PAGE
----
Although evidence-based healthcare is gaining popularity all over the world, it is difficult, misunderstood, and even ridiculed. Irrespective of the type of evidence available by practitioners—numerical, qualitative, or anecdotal—or the focus—feasibility, suitability, relevance, or effectiveness—it has an impact on healthcare practice across the board. Research data that is methodically designed, regardless of design, requires careful review before being used in the therapeutic setting. Clinical trials, epidemiology, observational studies, qualitative studies, and action-oriented research all contribute to meeting the information and evidence requirements of individuals and communities, as well as clinical and policy decision-makers. 

The JBI model of evidence-based healthcare emphasizes the importance of creating, synthesizing, transferring, and utilizing evidence derived from a variety of research approaches; it was created to facilitate reasoning and critique about evidence-based healthcare and its role in refining global health within a logical conceptual framework. 

Translation science (or translational research) is as complicated as evidence-based medicine and is sometimes misinterpreted. The mainstream concept of translation science overemphasizes the translation of discoveries from “basic,” “bench,” or “discovery” research into a clinical application through clinical trials, which are now well-established in most industrialized nations. We believe that translation entails much more than running clinical trials to test new ideas. It starts with interpreting questions arising from a need for knowledge in the “real world” into discovery research (bridging gap 1), then interpreting the findings of discovery research into clinical or policy application through clinical or policy research (bridging gap 2), and finally interpreting the findings of clinical or policy research into action at the governmental level (bridging gap 3). (Addressing what we describe as gap 3). Integrating these three translation gaps into an evidence-based health model appears to us to clarify and conceptualize the complexity of interpreting information into action to improve health outcomes. 

 Reference 

Gardner, K., Banfield, M., McRae, I., Gillespie, J., & Yen, L. (2014). Improving coordination through information continuity: a framework for translational research. BMC health services research, 14(1), 1-5. 

  Lopes-Júnior, L. C., Olson, K., de Omena Bomfim, E., Pereira-da-Silva, G., Nascimento, L. C., & de Lima, R. A. G. (2016). Translational research and symptom management in oncology nursing. British Journal of Nursing, 25(10), S12-S21. 

 Translational science and evidence-based healthcare: A clarification and reconceptualization of how knowledge is generated and used in healthcare. (2012, February 14). Publishing Open Access research journals & papers | Hindawi. https://www.hindawi.com/journals/nrp/2012/792519/ 

A Sample Answer For the Assignment: NUR 550 Topic 1 DQ 1 Identify the different levels of translational research

Title: NUR 550 Topic 1 DQ 1 Identify the different levels of translational research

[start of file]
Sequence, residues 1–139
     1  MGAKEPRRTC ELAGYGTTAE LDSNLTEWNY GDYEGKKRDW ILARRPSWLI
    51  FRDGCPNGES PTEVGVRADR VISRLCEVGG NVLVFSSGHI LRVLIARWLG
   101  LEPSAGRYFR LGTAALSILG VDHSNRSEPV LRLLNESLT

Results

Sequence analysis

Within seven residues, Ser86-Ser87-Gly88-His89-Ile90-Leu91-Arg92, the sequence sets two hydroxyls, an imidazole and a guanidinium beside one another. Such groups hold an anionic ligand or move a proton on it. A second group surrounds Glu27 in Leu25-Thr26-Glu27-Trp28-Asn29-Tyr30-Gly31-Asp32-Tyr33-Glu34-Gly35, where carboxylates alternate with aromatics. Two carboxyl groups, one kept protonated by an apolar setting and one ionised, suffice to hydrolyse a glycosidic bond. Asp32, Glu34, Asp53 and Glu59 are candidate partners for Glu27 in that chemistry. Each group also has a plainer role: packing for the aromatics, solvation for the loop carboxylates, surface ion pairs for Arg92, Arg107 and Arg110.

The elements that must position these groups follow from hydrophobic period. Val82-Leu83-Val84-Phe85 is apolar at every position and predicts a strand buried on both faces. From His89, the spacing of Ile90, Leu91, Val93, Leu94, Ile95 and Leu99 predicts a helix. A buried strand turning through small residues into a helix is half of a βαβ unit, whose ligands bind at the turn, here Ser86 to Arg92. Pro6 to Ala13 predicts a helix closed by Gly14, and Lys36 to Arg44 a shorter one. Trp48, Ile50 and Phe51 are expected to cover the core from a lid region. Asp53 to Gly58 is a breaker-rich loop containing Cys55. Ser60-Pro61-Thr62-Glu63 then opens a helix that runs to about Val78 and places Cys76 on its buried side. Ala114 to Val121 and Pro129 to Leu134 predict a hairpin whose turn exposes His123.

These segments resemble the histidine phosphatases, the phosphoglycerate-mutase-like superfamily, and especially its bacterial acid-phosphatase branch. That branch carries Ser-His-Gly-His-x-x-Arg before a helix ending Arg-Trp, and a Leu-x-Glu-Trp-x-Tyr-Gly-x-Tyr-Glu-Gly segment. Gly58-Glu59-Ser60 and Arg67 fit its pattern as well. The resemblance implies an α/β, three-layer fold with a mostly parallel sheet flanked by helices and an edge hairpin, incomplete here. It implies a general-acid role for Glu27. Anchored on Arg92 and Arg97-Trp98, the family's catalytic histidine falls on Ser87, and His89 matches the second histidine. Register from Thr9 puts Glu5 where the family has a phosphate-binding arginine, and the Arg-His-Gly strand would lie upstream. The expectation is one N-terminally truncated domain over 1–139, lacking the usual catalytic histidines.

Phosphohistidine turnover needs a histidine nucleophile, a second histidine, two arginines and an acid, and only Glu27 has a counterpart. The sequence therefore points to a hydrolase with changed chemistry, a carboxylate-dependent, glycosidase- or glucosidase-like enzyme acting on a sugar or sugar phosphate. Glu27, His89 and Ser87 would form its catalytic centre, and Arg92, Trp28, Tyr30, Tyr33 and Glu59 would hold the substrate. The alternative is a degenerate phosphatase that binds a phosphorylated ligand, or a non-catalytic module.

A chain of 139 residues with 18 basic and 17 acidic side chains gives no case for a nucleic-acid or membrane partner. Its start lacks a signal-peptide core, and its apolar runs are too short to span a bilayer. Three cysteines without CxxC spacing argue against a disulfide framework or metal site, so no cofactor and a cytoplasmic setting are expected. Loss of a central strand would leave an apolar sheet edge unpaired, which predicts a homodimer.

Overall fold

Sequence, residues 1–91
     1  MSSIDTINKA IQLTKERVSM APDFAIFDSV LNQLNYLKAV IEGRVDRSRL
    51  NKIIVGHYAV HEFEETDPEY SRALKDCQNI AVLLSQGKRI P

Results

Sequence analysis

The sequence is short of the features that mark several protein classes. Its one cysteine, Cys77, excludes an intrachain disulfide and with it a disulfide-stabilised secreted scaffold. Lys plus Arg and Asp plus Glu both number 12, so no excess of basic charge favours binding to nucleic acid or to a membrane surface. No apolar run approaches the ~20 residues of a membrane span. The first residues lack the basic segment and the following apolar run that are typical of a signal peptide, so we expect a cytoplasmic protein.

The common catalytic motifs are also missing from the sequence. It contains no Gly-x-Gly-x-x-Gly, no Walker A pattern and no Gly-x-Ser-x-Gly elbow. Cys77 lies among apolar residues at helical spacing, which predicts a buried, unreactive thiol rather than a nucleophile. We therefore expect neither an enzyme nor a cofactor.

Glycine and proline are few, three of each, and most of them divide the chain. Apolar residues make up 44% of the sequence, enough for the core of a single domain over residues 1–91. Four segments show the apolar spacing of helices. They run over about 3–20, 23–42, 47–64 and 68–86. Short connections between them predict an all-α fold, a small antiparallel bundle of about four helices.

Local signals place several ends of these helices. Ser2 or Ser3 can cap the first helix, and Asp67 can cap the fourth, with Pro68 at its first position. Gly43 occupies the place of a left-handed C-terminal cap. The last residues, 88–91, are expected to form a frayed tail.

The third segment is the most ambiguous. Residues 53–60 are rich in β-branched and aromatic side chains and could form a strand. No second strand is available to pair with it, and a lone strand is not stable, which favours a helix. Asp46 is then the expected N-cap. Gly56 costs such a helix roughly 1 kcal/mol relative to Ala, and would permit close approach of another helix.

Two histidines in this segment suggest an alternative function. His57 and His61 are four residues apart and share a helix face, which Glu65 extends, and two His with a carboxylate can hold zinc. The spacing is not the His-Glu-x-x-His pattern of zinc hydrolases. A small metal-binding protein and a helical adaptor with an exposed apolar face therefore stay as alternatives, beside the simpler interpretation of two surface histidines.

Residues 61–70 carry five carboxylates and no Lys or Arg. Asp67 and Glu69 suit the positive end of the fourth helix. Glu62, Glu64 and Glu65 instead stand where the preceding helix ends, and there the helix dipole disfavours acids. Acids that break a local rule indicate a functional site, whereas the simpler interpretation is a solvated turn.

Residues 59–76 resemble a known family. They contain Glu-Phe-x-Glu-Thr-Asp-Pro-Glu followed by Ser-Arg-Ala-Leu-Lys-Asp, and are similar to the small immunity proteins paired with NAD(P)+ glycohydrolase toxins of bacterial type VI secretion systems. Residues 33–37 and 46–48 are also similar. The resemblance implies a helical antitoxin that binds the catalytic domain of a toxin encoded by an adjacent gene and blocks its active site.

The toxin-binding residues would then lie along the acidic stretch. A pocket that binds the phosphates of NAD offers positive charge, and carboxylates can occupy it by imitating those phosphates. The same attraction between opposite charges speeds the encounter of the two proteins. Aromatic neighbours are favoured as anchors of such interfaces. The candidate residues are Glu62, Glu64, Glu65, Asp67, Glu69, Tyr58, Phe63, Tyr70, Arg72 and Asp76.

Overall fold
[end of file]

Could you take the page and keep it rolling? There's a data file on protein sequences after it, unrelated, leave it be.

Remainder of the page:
Translational research is “a dynamic continuum from basic research through application of research findings in practice, communities and public health settings to improve health and health outcomes” (Titler, 2018).It is different from evidence-based practice in three main ways: “conduct of research”, “a sufficient research base may not be available”, and research which “focuses on testing implementation interventions to improve uptake and use of evidence to improve patient outcomes and population health” (Titler, 2018). “Conduct of research” refers to “the systematic investigation of a phenomenon that addresses research questions or hypotheses to create generalizable knowledge and advance the state of the science”, whereas evidence-based practice uses the best evidence already available to make changes to practice (Titler, 2018). Evidence-based practice also retrieves its evidence from randomized controlled trials. But for translational research, there may not be enough evidence obtained so healthcare decisions are made based on other sources like quality improvement data (Titler, 2018). Evidence-based practice “is the actual application f evidence in practice (the “doing of” EBP), whereas translation science is the study of implementation interventions, factors, and contextual variables that effect knowledge uptake and use in practices and communities” (Titler, 2018).

There are four different levels of translational research. The first level is T0, which are clinical trials on animals to see if a new drug is safe for human intervention.The second level is T1, which is translation to humans such as testing a new drug “in a specific population/sample, for example, African American male CHF patients between 40 and 50 years of age in one clinic in a large suburban primary care practice” (White, 2017). T2 is research being translated to broader patient populations like, for example, taking this new drug and now testing it in “all CHF patients in that practice and several other practices around that city who admit their patients to a similar hospital” (White, 2017). T3 focuses on implementing research based on clinical outcomes. This is illustrated when “the inclusion of this new drug or treatment in CHF guidelines of care could be sustained and become a nationwide standard of care for all CHF patients” (White, 2017). Lastly, T4 and T5 synthesize the evidence within the trials to make practice standards that extend out into the community and different populations (Titler, 2018).

Titler, M. G. (2018). Translation Research in Practice: An Introduction. Online Journal of Issues in Nursing 23(2), 1–1. https://web-p-ebscohost-com.lopes.idm.oclc.org/ehost/detail/detail?vid=0&sid=7b5a7bf5-0d3a-48c7-b3a7-c4d1176381d1%40redis&bdata=JnNpdGU9ZWhvc3QtbGl2ZSZzY29wZT1zaXRl#AN=130158156&db=cul

White, K. M. (2017). Translational research. In J. Fitzpatrick (Ed.), Encyclopedia of Nursing Research. Springer Publishing Company. https://search.credoreference.com/articles/Qm9va0FydGljbGU6NDY3Nzk4NQ==?q=translational+research&aid=96349